By offering to take back control, and by having a genuine difference of economic policy and approach, the two main parties in the UK re captured most of the vote. On the continent the refusal of main parties to criticise any aspect of the EU approach left voters looking around for ways to change a  consensus that does not work for them.

It is the oddest situation I have ever seen in politics. Normally old well  establlished and successful political parties adapt and change, altering policy when the electorate want change. Instead on the continent party after party is being slimmed or dem0lished by sticking with Euro austerity policies. As the member states governments get weaker, so the Commission gets stronger. More powers will inevitably gravitate to the centre, making the task of national pro EU parties ever more difficult.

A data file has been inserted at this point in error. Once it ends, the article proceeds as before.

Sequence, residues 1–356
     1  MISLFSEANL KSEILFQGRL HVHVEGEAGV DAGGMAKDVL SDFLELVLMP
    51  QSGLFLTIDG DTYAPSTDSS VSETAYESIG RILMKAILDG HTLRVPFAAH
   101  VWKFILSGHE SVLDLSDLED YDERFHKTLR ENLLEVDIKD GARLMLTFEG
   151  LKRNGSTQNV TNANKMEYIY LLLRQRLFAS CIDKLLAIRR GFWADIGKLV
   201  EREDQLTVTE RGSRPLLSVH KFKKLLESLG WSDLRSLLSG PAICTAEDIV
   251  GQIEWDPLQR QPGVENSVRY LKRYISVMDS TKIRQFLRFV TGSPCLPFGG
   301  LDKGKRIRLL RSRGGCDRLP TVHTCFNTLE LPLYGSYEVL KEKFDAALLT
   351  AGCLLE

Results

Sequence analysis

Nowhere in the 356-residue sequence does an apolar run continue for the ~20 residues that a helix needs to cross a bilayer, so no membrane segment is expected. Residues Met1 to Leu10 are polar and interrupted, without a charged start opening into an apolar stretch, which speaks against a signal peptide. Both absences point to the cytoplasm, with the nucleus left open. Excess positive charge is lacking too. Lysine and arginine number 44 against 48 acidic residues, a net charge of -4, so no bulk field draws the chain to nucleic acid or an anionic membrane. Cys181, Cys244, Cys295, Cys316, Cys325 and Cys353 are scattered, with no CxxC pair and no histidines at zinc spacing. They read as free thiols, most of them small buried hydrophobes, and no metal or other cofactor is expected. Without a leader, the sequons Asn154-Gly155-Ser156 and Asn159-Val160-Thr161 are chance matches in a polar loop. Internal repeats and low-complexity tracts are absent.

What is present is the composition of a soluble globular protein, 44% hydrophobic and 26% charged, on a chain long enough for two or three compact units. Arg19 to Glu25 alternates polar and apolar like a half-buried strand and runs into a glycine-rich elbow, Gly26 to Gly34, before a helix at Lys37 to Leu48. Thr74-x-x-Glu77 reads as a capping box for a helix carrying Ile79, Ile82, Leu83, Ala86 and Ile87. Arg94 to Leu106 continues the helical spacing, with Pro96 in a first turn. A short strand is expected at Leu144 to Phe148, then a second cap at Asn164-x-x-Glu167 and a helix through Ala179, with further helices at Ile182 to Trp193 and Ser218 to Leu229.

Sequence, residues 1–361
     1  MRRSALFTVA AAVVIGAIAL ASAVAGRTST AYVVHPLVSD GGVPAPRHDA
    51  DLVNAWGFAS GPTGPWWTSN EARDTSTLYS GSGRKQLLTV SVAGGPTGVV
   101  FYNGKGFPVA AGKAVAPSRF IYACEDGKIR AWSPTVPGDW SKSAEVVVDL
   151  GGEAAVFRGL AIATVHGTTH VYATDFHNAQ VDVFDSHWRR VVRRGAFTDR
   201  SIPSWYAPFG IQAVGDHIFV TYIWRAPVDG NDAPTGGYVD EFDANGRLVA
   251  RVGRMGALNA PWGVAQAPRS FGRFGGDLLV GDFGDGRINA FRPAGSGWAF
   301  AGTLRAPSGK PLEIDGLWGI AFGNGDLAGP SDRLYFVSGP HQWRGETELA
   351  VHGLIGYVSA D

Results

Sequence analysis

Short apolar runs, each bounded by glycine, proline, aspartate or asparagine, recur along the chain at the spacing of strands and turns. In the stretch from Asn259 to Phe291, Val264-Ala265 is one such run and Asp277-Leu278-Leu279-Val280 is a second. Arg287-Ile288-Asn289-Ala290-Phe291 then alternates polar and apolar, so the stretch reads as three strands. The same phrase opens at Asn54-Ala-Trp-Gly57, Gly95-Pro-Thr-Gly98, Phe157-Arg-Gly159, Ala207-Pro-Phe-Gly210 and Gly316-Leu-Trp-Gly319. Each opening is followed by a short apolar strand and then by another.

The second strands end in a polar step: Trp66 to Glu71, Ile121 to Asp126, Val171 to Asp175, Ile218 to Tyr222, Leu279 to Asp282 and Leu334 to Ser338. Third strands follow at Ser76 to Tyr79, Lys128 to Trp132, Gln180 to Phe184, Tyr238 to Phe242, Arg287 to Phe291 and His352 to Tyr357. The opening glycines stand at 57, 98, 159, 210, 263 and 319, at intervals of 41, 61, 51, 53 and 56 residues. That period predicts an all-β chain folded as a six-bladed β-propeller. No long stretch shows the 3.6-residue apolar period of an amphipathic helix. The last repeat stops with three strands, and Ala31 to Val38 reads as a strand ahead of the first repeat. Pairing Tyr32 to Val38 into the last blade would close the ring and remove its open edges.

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  • About John Redwood


    John Redwood won a free place at Kent College, Canterbury, He graduated from Magdalen College Oxford, has a DPhil and is a fellow of All Souls College. A businessman by background, he has been a director of NM Rothschild merchant bank and chairman of a quoted industrial PLC.